Dynamics of cardiovascular responses to repeated partial umbilical cord compression in late-gestation sheep fetus

Dino A. Giussani, Nobuya Unno, Susan L. Jenkins, Richard A. Wentworth, Jan B. Berks, Jason H. Collins, Peter W. Nathanielsz

Research output: Contribution to journalArticlepeer-review

51 Scopus citations

Abstract

We characterized the detailed hemodynamics of fetal blood pressure, heart rate, common umbilical blood flow, and femoral blood flow responses to partial compression of the umbilical cord and tested the hypothesis that repeated cord compression modulates fetal cardiovascular responses in 10 chronically instrumented fetal sheep at ~130 days of gestation. In five fetuses (group I), partial compression of the umbilical cord was induced 12 times, each for 5 min at 15-min intervals. Each cord compression reduced common umbilical blood flow by 50% and produced modest falls in fetal pH (7.33 ± 0 to 7.29 ± 0) and arterial Po2 (21.1 ± 0.2 to 16.8 ± 0.2 mmHg) and a mild increase in arterial PCO2 (49.9 ± 0.5 to 54.9 ± 0.4 mmHg). Sham experiments were performed in five other fetuses (group II). Second-by- second analysis of group I fetal cardiovascular data revealed a clear biphasic response to partial cord compression. Phase 1 (1st min of cord compression) was characterized by a rapid bradycardia and a rapid femoral vasoconstriction (primary response); phase H (minutes 2-5 of cord compression) was characterized by a delayed bradycardia and a return of femoral vascular resistance toward baseline (secondary response). Repeated cord compression abolished the primary, but not the secondary, cardiovascular responses. These results demonstrate that fetal cardiovascular responses to stress may be modified by preexposure to repeated intrauterine challenges.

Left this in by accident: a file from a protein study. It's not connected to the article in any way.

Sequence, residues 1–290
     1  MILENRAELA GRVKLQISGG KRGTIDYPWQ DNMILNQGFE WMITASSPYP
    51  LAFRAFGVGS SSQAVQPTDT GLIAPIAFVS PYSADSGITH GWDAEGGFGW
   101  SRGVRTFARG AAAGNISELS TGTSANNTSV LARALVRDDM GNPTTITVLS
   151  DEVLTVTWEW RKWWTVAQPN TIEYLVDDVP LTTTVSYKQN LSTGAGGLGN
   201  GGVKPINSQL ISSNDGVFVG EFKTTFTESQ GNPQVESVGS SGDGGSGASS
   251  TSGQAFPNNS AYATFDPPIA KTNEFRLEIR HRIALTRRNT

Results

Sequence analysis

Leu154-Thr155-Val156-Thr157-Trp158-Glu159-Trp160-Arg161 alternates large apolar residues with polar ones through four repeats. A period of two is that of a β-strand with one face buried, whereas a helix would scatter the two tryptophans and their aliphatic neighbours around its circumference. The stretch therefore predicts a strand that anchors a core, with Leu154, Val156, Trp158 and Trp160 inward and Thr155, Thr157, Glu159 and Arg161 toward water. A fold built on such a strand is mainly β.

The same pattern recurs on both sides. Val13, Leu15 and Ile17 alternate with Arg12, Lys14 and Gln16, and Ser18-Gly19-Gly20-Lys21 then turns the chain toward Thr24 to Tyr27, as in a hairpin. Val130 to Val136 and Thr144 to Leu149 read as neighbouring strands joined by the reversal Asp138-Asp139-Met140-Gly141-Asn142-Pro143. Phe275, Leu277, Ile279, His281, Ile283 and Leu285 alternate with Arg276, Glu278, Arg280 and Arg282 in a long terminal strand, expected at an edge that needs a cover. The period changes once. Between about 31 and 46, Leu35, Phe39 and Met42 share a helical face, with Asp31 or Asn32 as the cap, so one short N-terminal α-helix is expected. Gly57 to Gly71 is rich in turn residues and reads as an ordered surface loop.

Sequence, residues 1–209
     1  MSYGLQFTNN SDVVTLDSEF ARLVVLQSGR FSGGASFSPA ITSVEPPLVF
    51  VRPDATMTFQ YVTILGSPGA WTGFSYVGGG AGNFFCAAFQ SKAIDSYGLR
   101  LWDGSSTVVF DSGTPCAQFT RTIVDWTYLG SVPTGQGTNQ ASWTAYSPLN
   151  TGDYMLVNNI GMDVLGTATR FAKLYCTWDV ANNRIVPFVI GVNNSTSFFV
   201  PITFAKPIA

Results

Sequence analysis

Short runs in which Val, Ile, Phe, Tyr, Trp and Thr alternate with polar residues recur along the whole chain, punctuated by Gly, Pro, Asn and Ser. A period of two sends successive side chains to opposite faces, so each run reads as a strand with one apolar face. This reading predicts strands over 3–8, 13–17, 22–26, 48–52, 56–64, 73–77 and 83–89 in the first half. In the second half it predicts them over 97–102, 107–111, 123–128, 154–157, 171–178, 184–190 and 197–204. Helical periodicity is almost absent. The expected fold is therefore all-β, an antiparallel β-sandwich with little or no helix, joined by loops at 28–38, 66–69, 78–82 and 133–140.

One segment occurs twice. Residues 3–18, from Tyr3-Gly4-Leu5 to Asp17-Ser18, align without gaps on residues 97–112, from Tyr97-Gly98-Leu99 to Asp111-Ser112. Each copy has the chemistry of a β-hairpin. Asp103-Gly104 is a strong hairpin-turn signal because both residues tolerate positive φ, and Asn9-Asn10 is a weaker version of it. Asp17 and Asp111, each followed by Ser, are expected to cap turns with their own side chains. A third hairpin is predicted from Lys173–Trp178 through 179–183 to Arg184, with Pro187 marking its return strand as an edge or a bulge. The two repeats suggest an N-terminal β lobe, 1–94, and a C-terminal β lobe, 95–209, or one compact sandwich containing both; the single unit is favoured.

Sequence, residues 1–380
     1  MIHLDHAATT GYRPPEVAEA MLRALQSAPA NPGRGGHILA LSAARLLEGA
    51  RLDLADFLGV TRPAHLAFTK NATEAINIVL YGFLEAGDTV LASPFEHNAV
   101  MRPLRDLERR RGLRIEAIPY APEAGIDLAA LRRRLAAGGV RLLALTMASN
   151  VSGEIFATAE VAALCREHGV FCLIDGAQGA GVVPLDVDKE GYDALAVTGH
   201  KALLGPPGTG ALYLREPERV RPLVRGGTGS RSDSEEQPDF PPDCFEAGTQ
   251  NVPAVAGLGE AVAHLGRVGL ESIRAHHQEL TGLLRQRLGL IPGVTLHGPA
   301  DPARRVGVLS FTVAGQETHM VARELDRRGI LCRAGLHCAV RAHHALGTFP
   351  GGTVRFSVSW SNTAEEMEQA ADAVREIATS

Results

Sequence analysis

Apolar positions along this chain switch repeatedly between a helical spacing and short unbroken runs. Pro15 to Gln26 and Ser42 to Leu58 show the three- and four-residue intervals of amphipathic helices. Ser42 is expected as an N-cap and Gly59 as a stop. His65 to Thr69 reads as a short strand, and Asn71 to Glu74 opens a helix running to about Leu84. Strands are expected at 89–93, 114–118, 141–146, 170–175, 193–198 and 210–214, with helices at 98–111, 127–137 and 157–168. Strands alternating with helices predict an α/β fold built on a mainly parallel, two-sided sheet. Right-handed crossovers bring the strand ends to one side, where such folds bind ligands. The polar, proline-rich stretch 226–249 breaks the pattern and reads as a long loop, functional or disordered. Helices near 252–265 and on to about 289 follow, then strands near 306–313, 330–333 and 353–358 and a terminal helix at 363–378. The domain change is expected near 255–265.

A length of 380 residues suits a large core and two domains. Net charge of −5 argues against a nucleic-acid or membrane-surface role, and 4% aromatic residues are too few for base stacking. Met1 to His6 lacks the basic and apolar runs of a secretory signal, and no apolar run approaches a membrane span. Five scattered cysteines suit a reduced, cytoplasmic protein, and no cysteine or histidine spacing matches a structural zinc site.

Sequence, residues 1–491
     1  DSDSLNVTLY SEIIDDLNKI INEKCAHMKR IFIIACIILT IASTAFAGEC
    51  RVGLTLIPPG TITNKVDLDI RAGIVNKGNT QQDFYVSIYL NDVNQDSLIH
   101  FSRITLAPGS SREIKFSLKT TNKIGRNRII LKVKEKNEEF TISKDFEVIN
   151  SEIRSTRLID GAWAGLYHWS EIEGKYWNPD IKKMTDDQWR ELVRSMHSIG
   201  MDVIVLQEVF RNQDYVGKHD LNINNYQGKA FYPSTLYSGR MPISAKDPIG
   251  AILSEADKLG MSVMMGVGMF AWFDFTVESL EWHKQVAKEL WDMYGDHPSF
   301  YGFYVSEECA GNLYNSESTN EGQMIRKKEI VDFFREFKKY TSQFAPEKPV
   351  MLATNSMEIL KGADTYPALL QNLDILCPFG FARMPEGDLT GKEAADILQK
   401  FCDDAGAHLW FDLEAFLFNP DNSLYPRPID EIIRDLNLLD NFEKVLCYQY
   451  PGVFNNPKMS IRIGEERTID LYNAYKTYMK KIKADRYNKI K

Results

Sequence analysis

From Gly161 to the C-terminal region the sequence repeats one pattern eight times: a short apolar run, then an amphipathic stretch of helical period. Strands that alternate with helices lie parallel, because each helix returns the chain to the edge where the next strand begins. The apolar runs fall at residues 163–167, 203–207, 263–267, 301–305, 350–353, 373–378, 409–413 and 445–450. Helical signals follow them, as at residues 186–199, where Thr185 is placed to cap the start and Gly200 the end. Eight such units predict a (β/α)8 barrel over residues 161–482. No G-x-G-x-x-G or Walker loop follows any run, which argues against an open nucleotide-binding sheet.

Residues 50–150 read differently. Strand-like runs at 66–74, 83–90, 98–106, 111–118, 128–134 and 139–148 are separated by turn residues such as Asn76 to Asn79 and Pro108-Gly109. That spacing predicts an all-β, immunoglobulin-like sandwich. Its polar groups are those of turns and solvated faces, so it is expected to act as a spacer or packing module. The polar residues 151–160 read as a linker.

Original languageEnglish (US)
Pages (from-to)H2351-H2360
JournalAmerican Journal of Physiology - Heart and Circulatory Physiology
Volume273
Issue number5 42-5
DOIs
StatePublished - 1997
Externally publishedYes

Keywords

  • Biphasic response
  • Cord occlusion
  • Hypoxia
  • Mechanoreflex

ASJC Scopus subject areas

  • Physiology
  • Cardiology and Cardiovascular Medicine
  • Physiology (medical)

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